The UN Human Rights Council resolution on Sri Lanka last week rightly invoked mixed sentiments. On the one hand, the passing of the second resolution in two years and the advocacy efforts that accompanied it underlined that Sri Lanka remains firmly on the international agenda and that the coalition of state and non-state actors pursuing accountability for the slaughter of tens of thousands and continuing rights abuses is expanding. On the other hand, the quest for consensus on the Council, and in particular the support of India, resulted in a significant weakening of the resolution’s force and the introduction, as Delhi’s pound of flesh, of elements deeply antithetical to the goals of accountability and justice, and injurious to the political aspirations of the Tamil nation.
For these reasons the resolution has elicited a range of Tamil responses, from a disgusted rejection to an enthusiastic welcome. Across the various responses, however, there is clear agreement on two things: that accountability for the mass killings of 2009 is a foremost demand of the Tamil people, and that this can only be secured through decisive international action. The futility of the Council’s call on the Sri Lankan government to investigate the systematic atrocities committed by its forces, and its extending of another chance to do so, is well recognised by all those campaigning for accountability, as well as by Sri Lanka’s allies. It is aptly captured by the title of Amnesty International’s 2009 study of Sri Lanka’s history of sham inquiries: ‘Twenty years of make believe’. As underlined by Colombo’s hysterical rejection of even this flawed resolution, only an independent international investigation can ensure genuine and credible accountability. As such, the gains of the diplomatic horse-trading in Geneva are Sri Lanka’s, but the price will be paid by the Tamils in the island.
The UNHRC resolution is but a moment in the protracted struggle to ensure accountability and justice for some of the worst mass atrocities of this century. As the United States Ambassador to Sri Lanka, Michele Sison, put it, “life does not stop on 21 March.” In that sense, the events of the past few weeks hold a number of important lessons. Firstly, it is clear that support for the goal of accountability for Sri Lanka’s genocidal violence against the Tamils is growing across the world. Nowhere is this more demonstrable than in India, whose government did the most to shield Sri Lanka in Geneva. The spontaneous mass protests by university students, the efforts of Tamil Nadu’s major political parties, the coverage by the country’s mainstream media and the voices of many others reveal the depth of support. Moreover, as Tamil and international campaigners in Geneva found, the resolution has the support of many countries, including some not presently on the Council. In short, international action has more popular support than ever before.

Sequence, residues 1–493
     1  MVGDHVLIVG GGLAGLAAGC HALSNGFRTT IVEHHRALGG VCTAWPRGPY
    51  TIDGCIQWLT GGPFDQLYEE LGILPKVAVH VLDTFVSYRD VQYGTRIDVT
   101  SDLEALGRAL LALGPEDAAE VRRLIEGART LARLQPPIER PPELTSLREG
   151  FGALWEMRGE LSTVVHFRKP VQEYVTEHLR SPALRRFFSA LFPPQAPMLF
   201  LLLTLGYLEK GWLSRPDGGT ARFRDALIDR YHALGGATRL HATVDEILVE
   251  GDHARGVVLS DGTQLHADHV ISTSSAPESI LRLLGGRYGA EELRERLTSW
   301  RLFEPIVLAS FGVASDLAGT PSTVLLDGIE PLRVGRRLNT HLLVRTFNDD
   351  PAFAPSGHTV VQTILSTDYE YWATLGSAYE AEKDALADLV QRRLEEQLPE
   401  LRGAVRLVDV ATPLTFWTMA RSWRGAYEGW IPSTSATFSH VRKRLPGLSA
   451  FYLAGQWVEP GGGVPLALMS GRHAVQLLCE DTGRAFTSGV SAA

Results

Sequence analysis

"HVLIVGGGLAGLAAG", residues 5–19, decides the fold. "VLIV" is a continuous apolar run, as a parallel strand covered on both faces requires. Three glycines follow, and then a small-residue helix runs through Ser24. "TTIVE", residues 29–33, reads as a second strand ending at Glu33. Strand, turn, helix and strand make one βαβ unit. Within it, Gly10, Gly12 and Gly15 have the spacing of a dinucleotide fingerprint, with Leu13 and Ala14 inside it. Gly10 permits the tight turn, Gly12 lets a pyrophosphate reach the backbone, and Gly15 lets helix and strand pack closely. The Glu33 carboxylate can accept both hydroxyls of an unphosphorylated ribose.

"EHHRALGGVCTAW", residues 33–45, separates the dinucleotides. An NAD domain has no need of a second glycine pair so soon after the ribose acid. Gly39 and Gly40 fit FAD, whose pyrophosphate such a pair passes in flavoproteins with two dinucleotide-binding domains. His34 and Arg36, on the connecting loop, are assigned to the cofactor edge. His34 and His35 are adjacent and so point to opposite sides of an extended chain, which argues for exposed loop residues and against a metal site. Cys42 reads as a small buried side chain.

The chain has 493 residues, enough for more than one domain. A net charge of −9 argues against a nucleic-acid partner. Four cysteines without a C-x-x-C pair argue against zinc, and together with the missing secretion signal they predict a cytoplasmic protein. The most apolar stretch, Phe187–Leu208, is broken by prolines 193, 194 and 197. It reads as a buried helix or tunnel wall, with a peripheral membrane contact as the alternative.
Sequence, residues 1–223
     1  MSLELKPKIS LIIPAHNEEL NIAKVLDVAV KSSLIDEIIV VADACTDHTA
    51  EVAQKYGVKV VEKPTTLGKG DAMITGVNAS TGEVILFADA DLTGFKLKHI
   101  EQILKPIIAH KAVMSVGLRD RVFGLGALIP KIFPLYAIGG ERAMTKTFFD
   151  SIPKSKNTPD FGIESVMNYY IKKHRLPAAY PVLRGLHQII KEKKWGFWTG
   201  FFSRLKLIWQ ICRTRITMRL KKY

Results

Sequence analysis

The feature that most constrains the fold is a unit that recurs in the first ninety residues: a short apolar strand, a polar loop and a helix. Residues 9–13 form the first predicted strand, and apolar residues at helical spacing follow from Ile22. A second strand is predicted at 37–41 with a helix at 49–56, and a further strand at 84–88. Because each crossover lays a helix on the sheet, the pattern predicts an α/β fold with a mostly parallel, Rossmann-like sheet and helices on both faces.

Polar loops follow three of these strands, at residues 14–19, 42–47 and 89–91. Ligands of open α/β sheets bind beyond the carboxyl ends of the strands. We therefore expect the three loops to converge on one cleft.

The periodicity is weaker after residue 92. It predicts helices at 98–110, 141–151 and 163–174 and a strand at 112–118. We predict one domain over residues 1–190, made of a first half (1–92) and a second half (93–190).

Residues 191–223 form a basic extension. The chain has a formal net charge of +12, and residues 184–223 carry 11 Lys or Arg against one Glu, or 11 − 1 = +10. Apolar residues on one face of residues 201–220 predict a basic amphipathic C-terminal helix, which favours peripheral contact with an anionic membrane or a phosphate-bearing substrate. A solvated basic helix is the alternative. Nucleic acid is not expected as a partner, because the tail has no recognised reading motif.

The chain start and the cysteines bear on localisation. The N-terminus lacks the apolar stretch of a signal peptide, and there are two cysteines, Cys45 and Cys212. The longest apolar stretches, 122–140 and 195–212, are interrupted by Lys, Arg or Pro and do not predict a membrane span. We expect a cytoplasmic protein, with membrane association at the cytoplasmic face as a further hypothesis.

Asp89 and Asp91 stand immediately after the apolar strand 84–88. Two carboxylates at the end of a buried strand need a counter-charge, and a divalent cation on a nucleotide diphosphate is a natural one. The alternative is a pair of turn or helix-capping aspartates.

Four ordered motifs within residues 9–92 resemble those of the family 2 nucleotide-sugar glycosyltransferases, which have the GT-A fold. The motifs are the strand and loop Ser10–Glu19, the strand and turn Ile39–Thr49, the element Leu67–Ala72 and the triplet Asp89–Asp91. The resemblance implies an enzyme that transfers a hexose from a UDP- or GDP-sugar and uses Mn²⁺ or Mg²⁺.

Secondly, however, the search for a multilateral international effort on accountability cannot be pursued solely through the UNHRC or other fora that accord Sri Lanka’s allies de facto vetoes. Rather, as we argued ahead of the 22nd session, the international community should now also actively explore other mechanisms and modalities. International institutions are not necessary for acting in concert.
Meanwhile, as demonstrated again in Geneva this year, even when fully cognisant of the horrific atrocities inflicted on the Tamil people, even states espousing principles of democracy, liberal values and the rule of law will readily sacrifice these in tactical, if mistaken, calculations. India and Australia are examples. As Australia and other ‘receiving’ states will see, refugee flows will not be stemmed by ‘security’ collaborations with murderous regimes. As India, Britain and other members of the international community will discover, no amount of ‘friendly gestures’ will secure the cooperation of a nationalist, triumphant and paranoid state.
Sri Lanka well knows the campaign for accountability will never cease and neither will the Tamils reconcile themselves to Sinhala hegemony, no matter how intense the repression. And, as has been the case from the outset in the seventies, it is Sri Lanka’s repression that will continue to ensure Tamils’ aspiration for independent statehood remains undiminished. Sri Lanka’s conduct in the Tamil homeland even as the wrangling continued in Geneva makes clear that the island’s crisis will intensify in the coming months and years. The ramifications will be felt internationally - what these are, however, depends on whether or not the international community takes decisive action against Sri Lanka.